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What does the phrase "Traditional Sales Training" mean to you...

What does the phrase "Traditional Sales Training" mean to you and where did you learn that meaning? - by Jeff Blackwell
"Traditional Sales Training, to me, means formulating the character one needs to call or knock on doors, the knowledge and confidence to develop value and present products, developing the fortitude to handle objections, and exploring the mystical art of closing a sale. All presented in a face to face setting where practice events require thinking on your feet, dealing with the unexpected. - by Charlie J.
I like Charlie J's definition; it makes me realize I've mostly focused on the more negative aspects of how I think of 'traditional sales' training.

On the negative side, I have associated it with seller-vs-buyer, always be closing, objections-handling, and lead qualification. All of those, in the sessions and materials I have seen, are typically presented in seller-centric ways.

The implicit objective is generally to get the sale (vs. help the customer), qualify the lead (vs. help the potential customer or referral source), and 'handling objections' (vs. helping the customer deal with concerns).

I guess I think of 'traditional sales training' as not being customer-focused enough, except insofar as an object to fulfill the ego- and financial-desires of the seller.

I'm over-emphasizing the negative to make the point; I think much of what Charlie J says is very right and very desirable. - by Charles H. Green
Jeff thanks for the email.
I have to ask what is "Traditional sales training" traditional to whom? Isnít this trade or company specific? Dale Carnegie is different than PSI which is different than Charlie Greer that is different from Tom Hopkins that is different from Ziglar International that is different from Contractors 2000 that is different from the next guy or organization. The only thing that is traditional is a speaker, tables and chairs, lunch, notes, questions, answers. Every company that I have worked with had their own traditional sales training for new employees and that was different from the sales organizations (trainers).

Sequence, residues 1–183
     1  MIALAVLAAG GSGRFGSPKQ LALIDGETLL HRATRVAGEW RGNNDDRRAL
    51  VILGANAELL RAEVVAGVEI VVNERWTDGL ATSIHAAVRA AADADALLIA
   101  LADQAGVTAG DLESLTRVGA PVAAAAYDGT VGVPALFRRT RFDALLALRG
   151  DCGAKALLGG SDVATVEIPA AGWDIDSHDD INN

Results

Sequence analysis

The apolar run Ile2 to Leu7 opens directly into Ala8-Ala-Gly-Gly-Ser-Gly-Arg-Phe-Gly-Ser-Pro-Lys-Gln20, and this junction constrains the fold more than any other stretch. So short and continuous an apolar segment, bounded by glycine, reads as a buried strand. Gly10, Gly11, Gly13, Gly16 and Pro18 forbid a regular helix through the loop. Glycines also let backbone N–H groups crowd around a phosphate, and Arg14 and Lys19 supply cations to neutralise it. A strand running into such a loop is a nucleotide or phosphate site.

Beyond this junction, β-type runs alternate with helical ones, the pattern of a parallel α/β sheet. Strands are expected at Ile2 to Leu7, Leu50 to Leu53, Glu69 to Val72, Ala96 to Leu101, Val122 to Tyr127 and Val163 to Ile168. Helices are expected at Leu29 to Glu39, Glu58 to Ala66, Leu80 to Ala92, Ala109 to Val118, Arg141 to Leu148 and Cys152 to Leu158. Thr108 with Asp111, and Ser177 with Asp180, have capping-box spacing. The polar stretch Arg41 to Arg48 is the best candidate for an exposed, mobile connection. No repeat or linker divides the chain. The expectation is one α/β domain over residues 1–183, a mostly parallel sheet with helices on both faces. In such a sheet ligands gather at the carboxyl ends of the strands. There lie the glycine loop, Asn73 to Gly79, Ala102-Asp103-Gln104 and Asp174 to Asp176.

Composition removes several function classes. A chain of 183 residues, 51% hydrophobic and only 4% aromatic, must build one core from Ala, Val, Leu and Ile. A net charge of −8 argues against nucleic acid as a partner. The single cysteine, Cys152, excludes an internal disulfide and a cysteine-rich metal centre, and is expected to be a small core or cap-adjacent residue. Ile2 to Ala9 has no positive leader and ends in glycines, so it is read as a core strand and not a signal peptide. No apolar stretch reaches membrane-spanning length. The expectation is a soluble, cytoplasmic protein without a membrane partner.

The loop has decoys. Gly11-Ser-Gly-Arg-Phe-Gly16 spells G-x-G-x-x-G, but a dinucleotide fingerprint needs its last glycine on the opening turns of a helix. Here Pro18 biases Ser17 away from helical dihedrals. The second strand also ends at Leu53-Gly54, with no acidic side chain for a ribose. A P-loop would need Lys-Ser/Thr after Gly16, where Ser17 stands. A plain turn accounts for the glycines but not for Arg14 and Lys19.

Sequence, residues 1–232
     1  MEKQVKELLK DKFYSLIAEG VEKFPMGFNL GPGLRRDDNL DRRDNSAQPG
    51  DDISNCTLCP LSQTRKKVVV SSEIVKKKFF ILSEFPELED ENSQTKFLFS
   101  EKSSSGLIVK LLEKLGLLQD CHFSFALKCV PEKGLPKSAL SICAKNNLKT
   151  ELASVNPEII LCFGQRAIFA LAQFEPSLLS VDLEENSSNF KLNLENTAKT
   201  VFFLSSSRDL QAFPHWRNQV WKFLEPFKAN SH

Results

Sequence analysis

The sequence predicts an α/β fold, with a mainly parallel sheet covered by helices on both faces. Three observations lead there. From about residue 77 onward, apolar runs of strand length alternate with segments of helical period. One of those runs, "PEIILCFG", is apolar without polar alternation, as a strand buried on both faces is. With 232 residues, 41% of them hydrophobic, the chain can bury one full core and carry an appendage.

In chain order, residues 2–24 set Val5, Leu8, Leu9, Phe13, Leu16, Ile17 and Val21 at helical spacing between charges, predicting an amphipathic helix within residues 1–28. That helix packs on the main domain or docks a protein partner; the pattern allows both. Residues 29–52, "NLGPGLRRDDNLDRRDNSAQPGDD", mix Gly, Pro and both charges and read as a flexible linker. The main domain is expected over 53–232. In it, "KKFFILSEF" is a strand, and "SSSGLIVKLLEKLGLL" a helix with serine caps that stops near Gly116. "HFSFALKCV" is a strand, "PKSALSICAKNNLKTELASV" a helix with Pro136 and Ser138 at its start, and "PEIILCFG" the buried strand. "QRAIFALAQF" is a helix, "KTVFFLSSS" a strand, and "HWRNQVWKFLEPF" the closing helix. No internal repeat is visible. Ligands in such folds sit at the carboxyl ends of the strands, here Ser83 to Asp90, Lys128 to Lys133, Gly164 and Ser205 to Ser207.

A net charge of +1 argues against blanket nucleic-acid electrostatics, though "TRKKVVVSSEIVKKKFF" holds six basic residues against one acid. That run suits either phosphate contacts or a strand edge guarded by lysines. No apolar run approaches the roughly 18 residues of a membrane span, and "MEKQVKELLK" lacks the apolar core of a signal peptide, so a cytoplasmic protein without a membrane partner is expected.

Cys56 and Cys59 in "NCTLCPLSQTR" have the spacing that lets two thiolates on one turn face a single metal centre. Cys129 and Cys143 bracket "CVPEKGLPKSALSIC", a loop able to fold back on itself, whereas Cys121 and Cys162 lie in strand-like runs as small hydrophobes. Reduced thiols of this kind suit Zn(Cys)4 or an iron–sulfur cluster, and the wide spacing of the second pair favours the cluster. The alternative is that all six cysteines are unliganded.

Some traditional items that have been common to all the training I have received; building rapport and the relationship with clients. Some of the training covered objections and concerns and how to get around them. Training that I have received in the past fifteen years have stressed adding the objections and concerns to the presentation and using them as reasons to own instead of reasons to stall or stop the sale. Each focused on a sales system based on their methodology. I had to turn what I learned into a sales process by adding the items that made what I do very successful.

I cannot define traditional sales training due to all the different training I have received from various sales organizations and individuals.
- by rich34232
I've been selling since the age of 10. I'm now 51. For me selling comes naturally. As for Traditional Sales Training, I can't speak on that. I am not academically trained. To busy selling.

My training comes from meeting customers and listening to them. The more they talk, the more I know about them and what they want. Then I get it for them.

Here's my 30 second elevator speech.

"I bring you customers and make you money. Guaranteed!"

Personally, I believe salesmen and women spend more time dancing around selling rather than getting down to selling.

But then again, I'm not academically trained, so my approach to selling probably breaks all the rules and protocols. - by ThePromotionalGuy
To me "Traditional Sales Training"= sales 101. Start by identifying the prospect, developing an elevator pitch, calling on the prospect, setting an appointment, creating a repore, gaining trust, over-coming objections, asking for the sale, closing.

I've found over the last few years trainers are pushing more of a consultative approach to sales. In the end.... it all comes down to sales 101 and picking up the phone. - by monicarward
Considering the fact that 83% of all new real estate agents do not survive three years and 60% do not survive their first year, my take on the phrase 'traditional sales training' is that it must be highly inadequate. - by Jerry Bresser
Traditional – Showing where and how my product / service meets many needs including today’s client specific need.

Today – Learning the root cause of the need, the clients perspective and how the specific need can be met with my product / service.
- by JP-991